Media Releases

Outsourcing Canadian data to the ‘cloud’? Think again.

September 14, 2015

U of T researchers challenge faulty bases for previous outsourcing decisions

TORONTO, ON – Think­ing of out­sourc­ing Cana­di­ans’ per­son­al data to the cloud? Find­ing the appar­ent cost sav­ings and con­ve­nience of large US cloud ser­vice providers like Microsoft and Google increas­ing­ly irre­sistible? Already tak­en this step, believ­ing that the pri­va­cy risks of doing so are com­pa­ra­ble to the data remain­ing in Cana­da? Think again.

Researchers from the Uni­ver­si­ty of Toron­to have found that if you are stor­ing, pro­cess­ing and/or rout­ing data in the cloud out­side of Cana­di­an juris­dic­tion, that data los­es impor­tant Cana­di­an legal and con­sti­tu­tion­al pro­tec­tions. Their find­ings raise seri­ous con­cerns about the pri­va­cy of our data in the cloud, includ­ing children’s data, time­ly giv­en yesterday’s announce­ment that Nova Sco­tia is mov­ing its entire K‑12 school sys­tem to Google Apps for Edu­ca­tion.

The results of the year­long study are report­ed in See­ing Through The Cloud: Nation­al Juris­dic­tion and Loca­tion of Data, Servers, and Net­works Still Mat­ter in a Dig­i­tal­ly Inter­con­nect­ed World.

A press con­fer­ence will be held tomor­row from 12–12:15 at the open­ing of the launch event for the report. The report will be released to the pub­lic at that time along with four sup­port­ing reports co-authored with con­tribut­ing researchers on our pub­lic web­site: The exec­u­tive sum­ma­ry and table of con­tents are already avail­able for down­load.

To receive an embar­goed copy of the report in advance, please con­tact our event orga­niz­er, Ms. Susie Col­bourn ( For oth­er inquiries, please con­tact the Prin­ci­pal Inves­ti­ga­tor, Hei­di Bohak­er at


WHAT: Press Con­fer­ence, fol­lowed by launch and dis­cus­sion of See­ing Through the Cloud, with brief intro­duc­tions by Lisa Austin, Hei­di Bohak­er, Andrew Clement and Stephanie Per­rin. Light lunch pro­vid­ed.

WHEN: PRESS CONFERENCE: Tues­day, Sep­tem­ber 15, 12–12:15 pm.

WHERE: Sid­ney Smith Hall Room 2098, 100 St. George St. Uni­ver­si­ty of Toron­to.



The report’s find­ings are espe­cial­ly time­ly in light of the recent dis­clo­sures of the extra­or­di­nary scope and ques­tion­able law­ful­ness of the mass sur­veil­lance pro­grams con­duct­ed by the US Nation­al Secu­ri­ty Agency (NSA).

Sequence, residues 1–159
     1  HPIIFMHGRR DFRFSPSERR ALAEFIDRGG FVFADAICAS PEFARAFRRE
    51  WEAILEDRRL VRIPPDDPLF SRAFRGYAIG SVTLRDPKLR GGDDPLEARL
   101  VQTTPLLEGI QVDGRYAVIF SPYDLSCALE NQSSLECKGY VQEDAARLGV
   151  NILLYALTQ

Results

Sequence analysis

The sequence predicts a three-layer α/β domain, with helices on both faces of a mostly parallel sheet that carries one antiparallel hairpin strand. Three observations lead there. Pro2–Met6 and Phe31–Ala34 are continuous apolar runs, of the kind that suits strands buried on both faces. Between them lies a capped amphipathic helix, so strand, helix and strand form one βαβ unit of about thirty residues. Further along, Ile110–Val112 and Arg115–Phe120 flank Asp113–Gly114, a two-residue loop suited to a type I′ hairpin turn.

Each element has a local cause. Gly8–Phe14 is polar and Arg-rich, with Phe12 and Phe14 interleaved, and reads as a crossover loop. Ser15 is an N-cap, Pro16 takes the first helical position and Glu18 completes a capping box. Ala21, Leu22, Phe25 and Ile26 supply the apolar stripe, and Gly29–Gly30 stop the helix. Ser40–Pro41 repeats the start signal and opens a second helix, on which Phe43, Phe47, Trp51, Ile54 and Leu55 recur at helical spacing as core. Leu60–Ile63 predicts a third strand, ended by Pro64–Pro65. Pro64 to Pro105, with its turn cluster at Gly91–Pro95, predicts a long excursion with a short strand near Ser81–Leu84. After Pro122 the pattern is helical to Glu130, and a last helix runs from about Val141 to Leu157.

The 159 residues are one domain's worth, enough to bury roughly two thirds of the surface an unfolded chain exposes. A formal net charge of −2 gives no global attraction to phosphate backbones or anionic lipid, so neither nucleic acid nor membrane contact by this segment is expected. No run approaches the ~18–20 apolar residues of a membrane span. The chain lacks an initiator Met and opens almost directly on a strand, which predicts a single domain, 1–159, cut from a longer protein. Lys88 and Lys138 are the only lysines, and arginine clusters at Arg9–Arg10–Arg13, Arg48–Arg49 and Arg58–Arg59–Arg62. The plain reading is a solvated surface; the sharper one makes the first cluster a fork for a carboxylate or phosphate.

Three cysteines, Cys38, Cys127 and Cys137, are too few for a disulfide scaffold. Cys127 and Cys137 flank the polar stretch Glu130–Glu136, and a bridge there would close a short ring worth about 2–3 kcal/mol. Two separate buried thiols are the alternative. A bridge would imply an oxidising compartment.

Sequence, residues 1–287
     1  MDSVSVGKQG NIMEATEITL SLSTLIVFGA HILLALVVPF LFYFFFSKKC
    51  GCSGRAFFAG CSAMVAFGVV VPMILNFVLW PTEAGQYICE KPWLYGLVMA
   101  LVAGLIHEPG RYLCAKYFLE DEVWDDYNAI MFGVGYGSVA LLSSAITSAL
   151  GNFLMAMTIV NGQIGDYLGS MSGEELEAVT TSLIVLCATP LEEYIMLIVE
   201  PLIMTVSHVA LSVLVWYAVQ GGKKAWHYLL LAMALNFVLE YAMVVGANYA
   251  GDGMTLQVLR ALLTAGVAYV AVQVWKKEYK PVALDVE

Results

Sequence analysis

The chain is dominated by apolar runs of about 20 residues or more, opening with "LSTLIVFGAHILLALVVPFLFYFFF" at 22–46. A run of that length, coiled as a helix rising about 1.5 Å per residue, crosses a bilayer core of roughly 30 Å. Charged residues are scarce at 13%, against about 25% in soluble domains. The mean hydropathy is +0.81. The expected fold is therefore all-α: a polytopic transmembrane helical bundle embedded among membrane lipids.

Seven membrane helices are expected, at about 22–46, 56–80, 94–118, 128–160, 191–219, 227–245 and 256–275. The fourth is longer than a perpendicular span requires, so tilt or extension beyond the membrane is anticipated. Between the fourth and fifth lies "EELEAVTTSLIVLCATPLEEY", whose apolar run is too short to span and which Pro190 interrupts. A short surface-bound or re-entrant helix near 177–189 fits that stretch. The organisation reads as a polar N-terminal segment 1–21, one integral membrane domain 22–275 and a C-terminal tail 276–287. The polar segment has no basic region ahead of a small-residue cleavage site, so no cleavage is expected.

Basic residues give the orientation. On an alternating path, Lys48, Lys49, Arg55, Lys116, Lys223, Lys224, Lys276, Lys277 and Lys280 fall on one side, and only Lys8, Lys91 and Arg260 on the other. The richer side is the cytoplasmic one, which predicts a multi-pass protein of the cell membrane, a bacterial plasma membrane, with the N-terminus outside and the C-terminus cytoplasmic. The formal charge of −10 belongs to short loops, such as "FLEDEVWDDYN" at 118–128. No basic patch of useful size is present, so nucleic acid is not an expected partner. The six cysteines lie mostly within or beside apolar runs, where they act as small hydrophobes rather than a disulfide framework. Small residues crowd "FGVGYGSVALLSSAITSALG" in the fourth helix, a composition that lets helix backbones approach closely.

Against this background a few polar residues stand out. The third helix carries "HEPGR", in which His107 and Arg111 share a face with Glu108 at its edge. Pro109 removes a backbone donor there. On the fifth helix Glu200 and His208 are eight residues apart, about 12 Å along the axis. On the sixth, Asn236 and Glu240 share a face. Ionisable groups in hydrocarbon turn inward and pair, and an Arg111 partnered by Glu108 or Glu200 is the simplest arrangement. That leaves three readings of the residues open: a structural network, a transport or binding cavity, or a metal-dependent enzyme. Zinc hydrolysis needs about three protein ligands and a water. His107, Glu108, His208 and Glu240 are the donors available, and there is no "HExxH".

As Pro­fes­sor Andrew Clement notes “The Snow­den rev­e­la­tions of mass gov­ern­ment sur­veil­lance mean that Cana­di­an orga­ni­za­tions should not out­source the han­dling of our per­son­nel, con­fi­den­tial or oth­er sen­si­tive infor­ma­tion to US com­pa­nies like Microsoft or Google. Instead, we should be strength­en­ing Cana­di­an inter­net infra­struc­ture so we can keep domes­tic data more local, pro­tect­ing it bet­ter while improv­ing net­work effi­cien­cy and per­for­mance.”

Pro­fes­sor Hei­di Bohak­er says that, as a his­to­ri­an “I think of eCom­mu­ni­ca­tions sys­tems as rich infor­ma­tion archives of con­ver­sa­tions and ideas that are inter­nal to orga­ni­za­tions and inter­nal to schools. Why should this pri­vate data be stored out­side of Cana­da?” In addi­tion to per­son­al infor­ma­tion, these sys­tems con­tain ideas in devel­op­ment, intel­lec­tu­al prop­er­ty, strate­gic plan­ning, con­fi­den­tial edu­ca­tion­al, employ­ee med­ical and per­for­mance issues and research and devel­op­ment data that deserve our high­est stan­dards of pri­va­cy pro­tec­tion.”

Pro­fes­sor Lisa Austin points out that “Under the Cana­di­an Char­ter of Rights and Free­doms, the ques­tion is nev­er whether the state can access per­son­al infor­ma­tion but rather what kinds of pro­tec­tions should gov­ern the terms of that access (such as the require­ment of a war­rant on rea­son­able and prob­a­ble grounds). This con­sti­tu­tion­al ques­tion needs to be asked when com­par­ing pri­va­cy pro­tec­tions across juris­dic­tions.”